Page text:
In a desperate bid to control the current migrant crisis in Europe, The European Union is offering money and visas to African countries which agree to take back their illegal immigrants.
Brussels have approved to fund a package of support that encourages the “return and sustainable reintegration of irregular migrants”.
BYPASS THE CENSORS
Sign up to get unfiltered news delivered straight to your inbox.
Germany’s open border policy has been said to fuel the influx of hundreds of thousands of refugees arriving on the continent this year, and the numbers are expected to increase over the next two years.
Now a plan has been drawn up to encourage African countries to take back their citizens who have reached the EU illegally, the Telegraph reported.
Those returned would have to be treated with ‘human dignity’ and not sent back to a country where they face persecution.
As part of the deal, the EU would set up a trust fund worth £1.3billion for countries like Ethiopia, Sudan, Uganda and Kenya.
The draft plan has circulated ahead of a summit on migration this week in Valletta, Malta.
It calls for ‘strengthening cooperation with key countries of origin and transit in order to facilitate the return and sustainable reintegration of irregular migrants’.
It stresses the ‘obligation of each state under international law to readmit its own nationals in full respect of human dignity’ as well as the ‘principle of non‐refoulement’ which prevents the persecuted behind handed over to their persecutor.
As part of the plan, the packages for ‘safe return and reintegration’ will be matched by the promise of ‘possible visa facilitation’ for well-qualified Africans to work in the EU.
African college qualifications for “one or more professions” could be recognised by EU countries.
Britain is not part of the Schengen common migration zone in the EU, which means that it would not have to sign up to the visa deal.
But the plan to try to persuade African countries to take back their citizens demonstrates the increasing desperation of Brussels to find a long-term solution to the crisis.
Ukip leader Nigel Farage said on Twitter: ‘The EU’s way to stop illegal mass migration from Africa is to make it legal. This is sheer madness.’
Last week the EU warned that three million migrants are expected to arrive in Europe by the end of 2017.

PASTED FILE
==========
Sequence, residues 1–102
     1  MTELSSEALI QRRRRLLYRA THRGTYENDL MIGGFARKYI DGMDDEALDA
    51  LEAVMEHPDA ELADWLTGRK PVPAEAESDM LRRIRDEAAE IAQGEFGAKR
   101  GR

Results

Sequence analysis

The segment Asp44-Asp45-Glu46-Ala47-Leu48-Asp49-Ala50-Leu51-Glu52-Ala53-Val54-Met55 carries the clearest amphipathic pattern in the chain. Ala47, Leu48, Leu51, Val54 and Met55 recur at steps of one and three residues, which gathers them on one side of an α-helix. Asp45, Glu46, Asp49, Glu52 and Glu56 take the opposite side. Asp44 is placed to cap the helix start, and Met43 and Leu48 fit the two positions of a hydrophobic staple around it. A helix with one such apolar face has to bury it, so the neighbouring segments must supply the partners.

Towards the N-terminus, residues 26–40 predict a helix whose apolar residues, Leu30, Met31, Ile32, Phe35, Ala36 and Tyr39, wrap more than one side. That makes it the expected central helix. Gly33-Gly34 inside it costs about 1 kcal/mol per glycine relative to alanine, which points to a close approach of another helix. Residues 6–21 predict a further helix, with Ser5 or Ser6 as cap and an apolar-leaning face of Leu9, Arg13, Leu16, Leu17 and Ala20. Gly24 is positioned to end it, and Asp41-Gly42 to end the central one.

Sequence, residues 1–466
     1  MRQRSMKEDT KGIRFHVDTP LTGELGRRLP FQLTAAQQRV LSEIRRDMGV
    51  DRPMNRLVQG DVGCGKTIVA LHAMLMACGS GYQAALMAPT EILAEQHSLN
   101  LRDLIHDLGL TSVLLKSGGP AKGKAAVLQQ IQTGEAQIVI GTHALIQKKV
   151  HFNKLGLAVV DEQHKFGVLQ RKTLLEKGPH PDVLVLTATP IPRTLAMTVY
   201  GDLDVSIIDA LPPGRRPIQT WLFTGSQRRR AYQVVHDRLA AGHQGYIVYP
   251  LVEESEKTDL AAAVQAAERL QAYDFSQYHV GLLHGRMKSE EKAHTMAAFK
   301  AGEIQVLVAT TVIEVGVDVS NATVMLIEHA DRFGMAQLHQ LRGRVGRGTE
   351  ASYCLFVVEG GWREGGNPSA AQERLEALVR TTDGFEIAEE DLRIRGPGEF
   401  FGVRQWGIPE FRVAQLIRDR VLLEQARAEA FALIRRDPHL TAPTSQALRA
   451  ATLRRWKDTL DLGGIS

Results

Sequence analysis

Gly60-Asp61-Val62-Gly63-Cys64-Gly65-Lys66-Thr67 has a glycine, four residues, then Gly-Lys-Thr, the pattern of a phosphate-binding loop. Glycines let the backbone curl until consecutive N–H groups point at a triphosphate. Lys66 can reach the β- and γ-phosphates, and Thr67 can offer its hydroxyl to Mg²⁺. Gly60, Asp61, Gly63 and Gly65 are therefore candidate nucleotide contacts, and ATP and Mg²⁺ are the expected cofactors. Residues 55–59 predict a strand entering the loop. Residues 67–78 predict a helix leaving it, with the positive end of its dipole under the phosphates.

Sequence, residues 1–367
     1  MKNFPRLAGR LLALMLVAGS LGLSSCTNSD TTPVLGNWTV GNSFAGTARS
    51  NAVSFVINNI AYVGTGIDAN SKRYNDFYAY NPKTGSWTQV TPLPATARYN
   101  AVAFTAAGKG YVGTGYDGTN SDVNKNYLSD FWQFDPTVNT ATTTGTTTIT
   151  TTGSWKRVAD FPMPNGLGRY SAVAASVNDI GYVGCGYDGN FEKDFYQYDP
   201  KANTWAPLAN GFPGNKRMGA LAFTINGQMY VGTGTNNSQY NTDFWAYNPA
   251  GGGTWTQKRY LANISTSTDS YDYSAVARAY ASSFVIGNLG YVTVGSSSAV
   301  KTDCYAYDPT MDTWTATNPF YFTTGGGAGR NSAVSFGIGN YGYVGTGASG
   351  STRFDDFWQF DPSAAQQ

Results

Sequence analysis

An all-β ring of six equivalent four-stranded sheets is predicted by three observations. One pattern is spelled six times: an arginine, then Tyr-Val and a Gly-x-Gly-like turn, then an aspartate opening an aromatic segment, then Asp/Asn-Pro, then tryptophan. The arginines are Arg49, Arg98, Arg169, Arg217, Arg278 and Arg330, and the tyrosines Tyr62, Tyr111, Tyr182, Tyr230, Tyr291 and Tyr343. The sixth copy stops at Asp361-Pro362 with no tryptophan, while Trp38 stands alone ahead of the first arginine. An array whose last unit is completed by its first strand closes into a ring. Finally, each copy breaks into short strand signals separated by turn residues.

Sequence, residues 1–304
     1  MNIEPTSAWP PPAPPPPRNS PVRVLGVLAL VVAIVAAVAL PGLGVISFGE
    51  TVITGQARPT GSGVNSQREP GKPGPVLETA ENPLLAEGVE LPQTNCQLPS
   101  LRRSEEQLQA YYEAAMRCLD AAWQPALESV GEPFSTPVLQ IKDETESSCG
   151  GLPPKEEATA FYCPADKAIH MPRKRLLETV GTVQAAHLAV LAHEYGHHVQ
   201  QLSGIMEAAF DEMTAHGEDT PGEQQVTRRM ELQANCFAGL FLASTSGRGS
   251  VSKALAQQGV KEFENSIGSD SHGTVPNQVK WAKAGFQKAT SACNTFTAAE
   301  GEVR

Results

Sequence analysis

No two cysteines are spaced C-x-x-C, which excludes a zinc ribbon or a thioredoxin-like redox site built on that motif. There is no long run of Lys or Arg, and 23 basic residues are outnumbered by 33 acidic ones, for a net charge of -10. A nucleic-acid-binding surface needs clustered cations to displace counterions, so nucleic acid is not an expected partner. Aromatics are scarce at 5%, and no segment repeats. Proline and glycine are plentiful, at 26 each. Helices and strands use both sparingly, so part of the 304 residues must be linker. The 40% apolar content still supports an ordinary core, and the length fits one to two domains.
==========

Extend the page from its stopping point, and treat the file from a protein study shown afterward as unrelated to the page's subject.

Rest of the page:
In a bombshell report, EU economists predicted the crisis would get even worse with a 50 per cent rise in the numbers pouring in next year.
The European Commission claimed the ‘unprecedented influx’ of migrants could help boost the economy, but critics warned they needed to get a grip of the chaos.
‘Overall, an additional three million persons is assumed to arrive in the EU over the forecast period,’ the European Commission’s economic forecast for 2015-2017 said.
It predicted there would be no let-up in arrivals until the end of next year, with one million in total during 2015, soaring to 1.5 million in 2016 and then decreasing to half a million in 2017.
The Commission claimed this would represent a 0.4 per cent EU population increase once unsuccessful asylum applications were taken into account.
The warning came as the Government minister in charge of Britain’s international response said the migration crisis engulfing Europe is likely to last for 20 years.
International Development Secretary Justine Greening said the humanitarian crisis in Syria was so severe that it was unlikely many refugees would return home within two decades.
She also condemned Russia’s air strikes in the warzone, claiming the controversial bombardment had worsened the crisis by forcing even more Syrians to flee in search of sanctuary.
And she blasted Western countries for failing to ‘step up to the plate’ and properly fund the aid mission to the region – or face more displaced people trying to make the treacherous trip to Europe.